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MPISD – News

MPHS Varsity Winter Guard


Kelly Cowan

Mount Pleasant High School Winter Guards compete in Austin.

To be among the best, you have to compete with the best. And that is what the MPHS Varsity and JVA Winter Guards set out to do at the Winter Guard International (WGI) Austin Regional at Glenn High School in Leader on March 4-5. The competition featured 42 teams in the Scholastic A division, with most coming from Central and South Texas. In addition, most schools were large 6A programs from the Austin, Houston, and San Antonio area. Both the Varsity and JVA competed in the same classification.

In prelims, they divided Scholastic A division into four groups called rounds. The 15 highest-scoring teams would advance to finals. Varsity placed second in their round and ninth overall to advance to finals as one of only six 5A schools. All the rest were 6A programs. JVA placed seventh in their round, 25th overall, and was the top-scoring JV team in the competition, outscoring 14 varsity teams and three other JV squads from Hebron, Round Rock, and Georgetown. MPHS Varsity ultimately placed 10th overall in the finals.

Varsity and JVA will rechallenge themselves at another WGI contest over Spring Break when they travel to Coppell High School for the WGI Dallas Regional. The Mount Pleasant High School Colorguard program is under the direction of Cristian Gomez.

MPJH participants in the Region 8 Science and Invention Fair (L to R): Marley Broach, Makayla Mather, Rubi Gutierrez, Rey Munoz, Jesus Mata

Mount Pleasant Junior High’s students’ place at Region 8 Science Fair.


Six Mount Pleasant Junior High students, competed in the Region VIII ESC Science and Invention Fair in early February. They moved the Fair to a virtual format due to the inclement weather. Students set up their displays and recorded them giving their presentations, which they then submitted for judging. In addition, they awarded four MPJH students certificates for their projects.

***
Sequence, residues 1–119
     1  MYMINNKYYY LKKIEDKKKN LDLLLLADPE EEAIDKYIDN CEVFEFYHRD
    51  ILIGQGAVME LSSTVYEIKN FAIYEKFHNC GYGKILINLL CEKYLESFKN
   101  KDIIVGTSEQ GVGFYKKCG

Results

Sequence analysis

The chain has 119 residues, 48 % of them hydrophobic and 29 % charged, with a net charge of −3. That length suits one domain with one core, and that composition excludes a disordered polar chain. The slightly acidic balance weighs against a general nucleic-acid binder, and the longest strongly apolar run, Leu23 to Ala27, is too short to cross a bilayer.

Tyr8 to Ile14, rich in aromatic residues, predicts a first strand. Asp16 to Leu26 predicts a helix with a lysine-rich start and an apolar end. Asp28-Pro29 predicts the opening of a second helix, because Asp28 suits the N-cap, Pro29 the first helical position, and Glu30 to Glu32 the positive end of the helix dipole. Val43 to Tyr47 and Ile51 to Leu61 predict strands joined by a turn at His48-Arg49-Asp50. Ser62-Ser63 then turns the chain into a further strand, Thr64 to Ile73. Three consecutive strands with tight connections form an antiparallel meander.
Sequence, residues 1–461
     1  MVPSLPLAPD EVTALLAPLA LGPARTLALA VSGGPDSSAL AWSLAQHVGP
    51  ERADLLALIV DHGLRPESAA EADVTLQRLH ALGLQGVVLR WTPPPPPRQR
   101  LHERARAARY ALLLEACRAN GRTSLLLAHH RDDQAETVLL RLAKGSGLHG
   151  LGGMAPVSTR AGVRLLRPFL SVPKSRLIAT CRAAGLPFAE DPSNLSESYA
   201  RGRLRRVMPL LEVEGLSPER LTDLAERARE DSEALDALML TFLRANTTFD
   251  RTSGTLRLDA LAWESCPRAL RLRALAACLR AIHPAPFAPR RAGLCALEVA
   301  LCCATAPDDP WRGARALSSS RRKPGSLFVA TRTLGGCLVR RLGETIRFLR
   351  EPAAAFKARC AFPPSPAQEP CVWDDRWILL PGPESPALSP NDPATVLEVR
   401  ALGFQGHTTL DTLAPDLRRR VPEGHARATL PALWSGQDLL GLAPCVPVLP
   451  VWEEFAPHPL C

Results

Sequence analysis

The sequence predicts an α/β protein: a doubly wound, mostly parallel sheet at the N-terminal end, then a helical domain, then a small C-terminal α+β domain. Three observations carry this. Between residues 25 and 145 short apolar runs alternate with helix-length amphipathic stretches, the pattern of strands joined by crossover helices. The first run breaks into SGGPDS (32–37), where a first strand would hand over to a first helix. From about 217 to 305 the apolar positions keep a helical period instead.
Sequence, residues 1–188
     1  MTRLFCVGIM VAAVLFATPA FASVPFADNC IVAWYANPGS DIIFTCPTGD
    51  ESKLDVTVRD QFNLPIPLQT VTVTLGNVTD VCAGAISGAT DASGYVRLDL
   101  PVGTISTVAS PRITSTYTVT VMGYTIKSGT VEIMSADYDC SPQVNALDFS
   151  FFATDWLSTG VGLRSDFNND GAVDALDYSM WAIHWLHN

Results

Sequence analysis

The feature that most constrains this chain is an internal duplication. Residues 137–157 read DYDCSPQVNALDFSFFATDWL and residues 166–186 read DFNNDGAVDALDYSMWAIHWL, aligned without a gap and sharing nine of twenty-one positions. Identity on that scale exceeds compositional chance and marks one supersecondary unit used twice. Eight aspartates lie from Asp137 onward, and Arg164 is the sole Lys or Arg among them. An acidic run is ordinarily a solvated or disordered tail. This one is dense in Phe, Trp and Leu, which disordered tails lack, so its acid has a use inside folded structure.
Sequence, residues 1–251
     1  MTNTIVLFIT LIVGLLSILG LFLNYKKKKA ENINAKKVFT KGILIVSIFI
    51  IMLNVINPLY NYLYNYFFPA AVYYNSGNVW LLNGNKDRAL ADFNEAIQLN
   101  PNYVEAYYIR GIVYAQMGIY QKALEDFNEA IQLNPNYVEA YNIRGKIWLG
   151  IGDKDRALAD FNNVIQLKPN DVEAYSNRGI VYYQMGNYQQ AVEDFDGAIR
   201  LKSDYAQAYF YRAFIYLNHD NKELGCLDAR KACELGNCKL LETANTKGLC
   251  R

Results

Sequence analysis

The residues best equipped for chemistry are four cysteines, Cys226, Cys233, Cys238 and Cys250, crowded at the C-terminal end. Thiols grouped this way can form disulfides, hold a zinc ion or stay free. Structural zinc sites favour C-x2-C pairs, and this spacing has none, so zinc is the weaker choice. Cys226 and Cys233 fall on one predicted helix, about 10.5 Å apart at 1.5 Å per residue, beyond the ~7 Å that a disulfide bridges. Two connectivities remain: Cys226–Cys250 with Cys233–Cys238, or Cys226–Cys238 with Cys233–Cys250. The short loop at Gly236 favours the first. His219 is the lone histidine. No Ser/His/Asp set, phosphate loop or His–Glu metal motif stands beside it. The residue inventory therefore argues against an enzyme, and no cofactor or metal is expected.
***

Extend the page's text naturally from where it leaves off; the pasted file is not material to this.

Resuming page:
In the seventh-grade Behavioral/Biological category, Marley Broach placed 6th with her project “How Different Types of Water Affect Plant Growth.” Broach watered plants with three different types of liquid, including tap water, filtered water, and sanitizer. She found the plant watered with tap water grew more than the one wet with filtered water, while the sanitizer killed the plant.

In the 8th-grade Behavioral/Biological division, Rylie Mendez took home 2nd place with her project “Music Soothes the Soul.” She sought to discover what genre of music was best for calming anxiety. After careful online research and polling MPJH students and faculty, she concluded that classical music was the most relaxing.

Also, in the eighth-grade Behavioral/Biological division, Makayla Mather placed 5th by searching for the truth behind “the five-second rule,” which believes that if you drop a piece of food, it is safe to eat if it is picked it up within five seconds. She experimented with popcorn dropped on various surfaces around the house and outdoors and tested them for bacterial growth over time to confirm or refute her hypothesis.

In the Middle/High School Inventions category, seventh grader Rey Munoz earned sixth place for his greenhouse built from recycled water bottles. Munoz found an innovative way to reduce, reuse, and recycle plastic water bottles to help grow plants and replenish the earth.

Also participating for MPJH were seventh graders Rubi Gutierrez and Jesus Mata. Gutierrez researched which room in the school contained the most bacteria. She dropped a strawberry on the ground in various rooms and grew bacteria in Petri dishes over two months. Mata sought to discover how age affects reflexes. First, he tested the reflexes of students and adults in the school by dropping a meter stick and measuring how many centimeters it took to catch it. Next, Mata measured visually by dropping it without warning and audibly by having the participant close their eyes and listen for an audible signal to detect. He discovered that with age, audible reflexes improved while visual decreased.

Student science projects could be Behavior/Biological, including studying plants, molds, fungi, bacteria, and human and animal responses to the environment, or Chemical/Physical, which would review the physical and chemical changes in matter. Students could also submit an invention that could solve a real problem or satisfy a need.